Accountants: 3 Items to NEVER Drop From Your Resume

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3 Items to NEVER Drop from Your Resume

There are many resources online on the topic of what to include in your resume, but there aren’t many resources that tell you what to make absolutely sure you always include, or at least never drop, from your resume if you are an accountant no matter how long ago they occurred.

The reality is that at least for accounting, there are a few items that employers tend to value no matter when they happened. Three of these items are as follows:

  • Public accounting experience. Regardless of how long ago you worked for a CPA firm, there are some hiring managers that will value that experience many years into the future. The challenge is that for some people going back that far may cause your resume to be too lengthy, depending on the amount of experience you have. One solution is to only go as far back in your employment history as would be workable for a 1-2 page resume, and then list a separate section of “Other Relevant Experience”. This technique helps keep your resume to a reasonable length and still allows you to show your public accounting experience even if it was several years prior.
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  • Certifications. If you had a certification (CPA, CMA, CIA, etc) and let it lapse at one point, it is still valuable to list having possessed the certification on your resume for the time period that it was active. You have to be careful and not mislead anyone into believing you still have the certification or that it is still current; however, you can list it as inactive or list it along with the years that you held the certification. For example: “CPA certified 1995-2005”. The mere fact that you once held the certification will be a differentiator to some employers. (Please note, keeping the certification active is far more valuable, but nevertheless even having the certification at one point will be positively viewed by many employers.)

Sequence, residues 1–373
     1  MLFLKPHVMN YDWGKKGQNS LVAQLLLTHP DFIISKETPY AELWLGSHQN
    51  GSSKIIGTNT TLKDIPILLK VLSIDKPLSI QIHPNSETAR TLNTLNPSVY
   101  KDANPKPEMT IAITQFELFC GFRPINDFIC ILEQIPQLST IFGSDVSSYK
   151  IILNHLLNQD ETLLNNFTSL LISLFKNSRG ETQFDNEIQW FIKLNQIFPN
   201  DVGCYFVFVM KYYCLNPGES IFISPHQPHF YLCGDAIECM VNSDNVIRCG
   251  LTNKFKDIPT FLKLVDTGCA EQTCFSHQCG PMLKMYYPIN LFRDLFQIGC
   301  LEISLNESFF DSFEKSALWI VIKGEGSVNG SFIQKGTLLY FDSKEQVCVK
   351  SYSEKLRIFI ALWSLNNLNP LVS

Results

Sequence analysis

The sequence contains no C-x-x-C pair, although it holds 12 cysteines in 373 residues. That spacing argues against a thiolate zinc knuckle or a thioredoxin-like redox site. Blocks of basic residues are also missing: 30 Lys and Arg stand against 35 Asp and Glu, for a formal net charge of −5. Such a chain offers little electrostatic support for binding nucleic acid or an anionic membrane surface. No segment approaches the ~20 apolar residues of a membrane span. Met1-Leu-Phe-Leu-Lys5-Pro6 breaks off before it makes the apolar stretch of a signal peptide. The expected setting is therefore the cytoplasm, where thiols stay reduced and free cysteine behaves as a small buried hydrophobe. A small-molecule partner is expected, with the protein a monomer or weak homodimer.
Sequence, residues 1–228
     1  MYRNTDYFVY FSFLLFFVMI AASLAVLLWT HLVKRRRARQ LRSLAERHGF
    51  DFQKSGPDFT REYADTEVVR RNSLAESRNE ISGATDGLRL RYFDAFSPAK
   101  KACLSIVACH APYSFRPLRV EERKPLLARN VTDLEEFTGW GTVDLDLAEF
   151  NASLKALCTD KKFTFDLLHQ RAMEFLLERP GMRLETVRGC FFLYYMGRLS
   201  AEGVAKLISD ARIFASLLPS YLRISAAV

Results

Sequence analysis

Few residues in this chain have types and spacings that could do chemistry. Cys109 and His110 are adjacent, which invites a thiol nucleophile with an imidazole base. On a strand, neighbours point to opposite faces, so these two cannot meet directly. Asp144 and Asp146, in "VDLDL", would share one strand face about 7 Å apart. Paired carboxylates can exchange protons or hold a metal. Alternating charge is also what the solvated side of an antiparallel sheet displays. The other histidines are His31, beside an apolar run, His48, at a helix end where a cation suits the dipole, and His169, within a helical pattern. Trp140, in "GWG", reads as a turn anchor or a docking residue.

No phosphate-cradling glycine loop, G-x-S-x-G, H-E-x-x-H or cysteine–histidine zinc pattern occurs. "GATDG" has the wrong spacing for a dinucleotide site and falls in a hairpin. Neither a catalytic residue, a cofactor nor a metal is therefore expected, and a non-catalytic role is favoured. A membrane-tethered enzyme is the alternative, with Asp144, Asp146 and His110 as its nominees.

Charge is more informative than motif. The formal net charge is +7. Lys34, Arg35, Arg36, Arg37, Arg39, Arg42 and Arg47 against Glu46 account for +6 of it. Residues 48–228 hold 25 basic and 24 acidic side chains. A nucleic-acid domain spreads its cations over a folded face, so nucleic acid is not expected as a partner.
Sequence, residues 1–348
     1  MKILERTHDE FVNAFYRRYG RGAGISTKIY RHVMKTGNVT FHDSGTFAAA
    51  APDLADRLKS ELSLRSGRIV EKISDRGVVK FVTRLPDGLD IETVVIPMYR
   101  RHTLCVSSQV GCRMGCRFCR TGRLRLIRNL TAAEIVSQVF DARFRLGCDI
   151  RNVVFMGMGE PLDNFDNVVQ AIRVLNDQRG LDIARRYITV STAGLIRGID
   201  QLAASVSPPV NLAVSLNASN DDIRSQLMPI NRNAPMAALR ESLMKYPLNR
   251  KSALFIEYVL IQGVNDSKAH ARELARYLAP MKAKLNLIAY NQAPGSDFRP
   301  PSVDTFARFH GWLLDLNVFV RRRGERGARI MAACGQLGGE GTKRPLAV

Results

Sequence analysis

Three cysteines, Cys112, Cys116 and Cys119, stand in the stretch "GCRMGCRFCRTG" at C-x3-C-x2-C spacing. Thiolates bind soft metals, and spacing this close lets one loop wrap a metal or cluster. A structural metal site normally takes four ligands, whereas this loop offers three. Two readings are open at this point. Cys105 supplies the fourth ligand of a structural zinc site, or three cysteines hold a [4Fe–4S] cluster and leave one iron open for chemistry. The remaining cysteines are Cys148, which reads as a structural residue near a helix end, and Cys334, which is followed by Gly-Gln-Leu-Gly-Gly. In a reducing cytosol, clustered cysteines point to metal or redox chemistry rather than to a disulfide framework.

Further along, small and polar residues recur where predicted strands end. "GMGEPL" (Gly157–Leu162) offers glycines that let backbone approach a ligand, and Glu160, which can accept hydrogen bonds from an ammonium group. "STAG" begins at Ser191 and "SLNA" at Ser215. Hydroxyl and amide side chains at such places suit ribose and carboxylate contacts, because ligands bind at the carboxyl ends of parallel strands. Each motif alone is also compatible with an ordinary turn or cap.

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  • Military experience. This is also an item that you should consider leaving on your resume regardless of how long ago it was. Showing that you have served your country in the military, along with the discipline and people skills that you obtain while performing such service, is generally well-respected and valued by employers. If the experience is too far back in your work history to make it practical to list on your resume, consider using the “Other Relevant Experience” section that is described above as a way of fitting it in to your resume without extending past 2 pages.
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While keeping your resume to 2 pages or less is a must, there are a few things you can do to fit in critical experience while still following that general rule. Using this ‘exception to the rule’ and always including these 3 items on your resume will serve you well.

I wish you the best. Have a great week! There’s more to come…

Mark Goldman CPA